SOUTH West clubs have again rejected relegation in the junior A hurling championship.
This was the main talking point after the first meeting of the South-West GAA Board in Dunmanway on Monday night.
This was after clubs had accepted the continuation of relegation in junior A football, as has been the case for the past three seasons. In football, the clubs voted to change from the existing system of relegating the bottom two clubs each season to the new system adopted by the county board in 2016.
Under this new system a team must finish in the bottom two twice in the space of three years before suffering relegation. This means there will not be any automatic relegation in the junior A football in 2017.
Concern was expressed that under the old system of straight relegation the second teams of senior clubs who were relegated to junior B were proving much too good for the genuine junior B clubs. The new three-year system should help to solve that problem to some extent.
However, when it came to junior hurling, the clubs were in a much more constrained mood. The fact that there are only 12 teams in junior A hurling militated against those who favoured relegation. Even though there was general agreement that junior hurling in West Cork needs remedial action, the clubs didn’t see relegation as the answer to the problem and voted overwhelmingly against relegation.
The grading of all teams will now revert to the CCC in hurling as has been the case in the past.
The formats for the various championships were decided with both the junior A football and hurling being run on a losers’ group system, while the C and D competitions will be straight knock-out, as will all the U21 championships.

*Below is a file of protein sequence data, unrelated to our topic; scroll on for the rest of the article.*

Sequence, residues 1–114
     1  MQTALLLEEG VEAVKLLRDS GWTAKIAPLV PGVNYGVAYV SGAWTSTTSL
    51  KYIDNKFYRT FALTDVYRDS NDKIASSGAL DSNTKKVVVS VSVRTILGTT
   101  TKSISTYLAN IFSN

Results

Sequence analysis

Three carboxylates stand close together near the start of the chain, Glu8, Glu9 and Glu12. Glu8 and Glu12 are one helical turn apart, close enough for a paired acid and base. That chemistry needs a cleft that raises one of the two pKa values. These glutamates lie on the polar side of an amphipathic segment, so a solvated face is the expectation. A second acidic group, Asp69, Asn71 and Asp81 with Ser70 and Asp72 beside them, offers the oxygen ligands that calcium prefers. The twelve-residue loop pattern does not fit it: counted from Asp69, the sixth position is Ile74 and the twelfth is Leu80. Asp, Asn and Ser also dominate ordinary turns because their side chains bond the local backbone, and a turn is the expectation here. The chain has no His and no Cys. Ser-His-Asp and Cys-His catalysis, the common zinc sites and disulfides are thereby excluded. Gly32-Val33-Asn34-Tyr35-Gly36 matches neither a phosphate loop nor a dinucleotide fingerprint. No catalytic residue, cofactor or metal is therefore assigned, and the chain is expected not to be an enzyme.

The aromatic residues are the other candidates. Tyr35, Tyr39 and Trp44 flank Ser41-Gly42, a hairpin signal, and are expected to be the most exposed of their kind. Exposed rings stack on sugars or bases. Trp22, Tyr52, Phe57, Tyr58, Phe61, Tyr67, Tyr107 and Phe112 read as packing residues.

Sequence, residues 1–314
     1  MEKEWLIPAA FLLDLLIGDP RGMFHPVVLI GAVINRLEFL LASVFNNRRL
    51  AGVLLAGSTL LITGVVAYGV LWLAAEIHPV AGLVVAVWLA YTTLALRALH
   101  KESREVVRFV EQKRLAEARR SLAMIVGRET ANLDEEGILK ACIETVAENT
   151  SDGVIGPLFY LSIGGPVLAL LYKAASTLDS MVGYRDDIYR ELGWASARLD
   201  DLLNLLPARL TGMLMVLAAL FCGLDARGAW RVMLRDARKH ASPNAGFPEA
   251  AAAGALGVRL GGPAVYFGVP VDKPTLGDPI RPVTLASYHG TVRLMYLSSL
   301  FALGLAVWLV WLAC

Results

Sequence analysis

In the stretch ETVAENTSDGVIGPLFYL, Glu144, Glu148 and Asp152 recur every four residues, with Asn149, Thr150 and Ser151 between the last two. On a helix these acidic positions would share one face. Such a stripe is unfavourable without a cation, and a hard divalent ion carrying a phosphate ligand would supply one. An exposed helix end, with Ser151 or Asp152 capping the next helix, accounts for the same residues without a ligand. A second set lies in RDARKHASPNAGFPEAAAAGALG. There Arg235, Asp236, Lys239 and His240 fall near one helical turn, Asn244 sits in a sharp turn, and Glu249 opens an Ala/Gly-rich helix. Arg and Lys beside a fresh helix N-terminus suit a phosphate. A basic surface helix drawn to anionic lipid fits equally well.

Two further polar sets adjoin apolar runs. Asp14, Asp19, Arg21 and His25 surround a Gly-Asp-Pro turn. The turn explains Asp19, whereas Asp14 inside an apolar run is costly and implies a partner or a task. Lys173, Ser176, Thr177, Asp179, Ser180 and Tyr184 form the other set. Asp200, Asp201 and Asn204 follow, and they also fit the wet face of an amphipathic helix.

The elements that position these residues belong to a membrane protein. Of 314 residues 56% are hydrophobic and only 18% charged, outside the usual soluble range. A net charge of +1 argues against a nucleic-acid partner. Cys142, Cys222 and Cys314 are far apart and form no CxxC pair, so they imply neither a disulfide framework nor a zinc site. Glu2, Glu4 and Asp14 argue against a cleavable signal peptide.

Concern was expressed about the county board’s new proposals for junior and U21, which will see the county play-offs doubled from the eight divisional winners to 16 teams. Where dates will be found for the newly extended championships is a cause of major concern.
Concern was expressed that Carbery selectors are not in place yet in either football or hurling and, with players enquiring about the situation, the urgency of getting mentors was stressed.
The issue of the Mícheál Holland Cup hurling competition and the Paddy Minihane football competition was aired, with agreement that the present situation could not be allowed to continue. During the past few seasons, although the competitions began early in the season, they were rarely finished before November. The football competition caters for senior teams while the hurling caters for intermediate. The possibility of a one-off game in each competition, possibly involving the Carbery All-Star junior teams, is to be looked into.
The starting dates for the junior football leagues, sections 1 and 2, will be February 11th/12th, with sections 3 and 4 to begin on February 25th/26th. The junior hurling leagues, sections 1 and 2, will begin on March 25th/26th.
The good news at the meeting was the appointment of two new officers. Pat O’Flynn, Ballinascarthy, has been appointed as treasurer in succession to Patjoe Connolly of Bantry, and Don Desmond, Bandon, has been appointed development officer, in succession to Finian O’Sullivan, Bantry.
The three board members elected to the executive were David Whyte, St Mary’s; Donal Leahy, Tadhg MacCárthaigh; and John O’Driscoll, O’Donovan Rossa.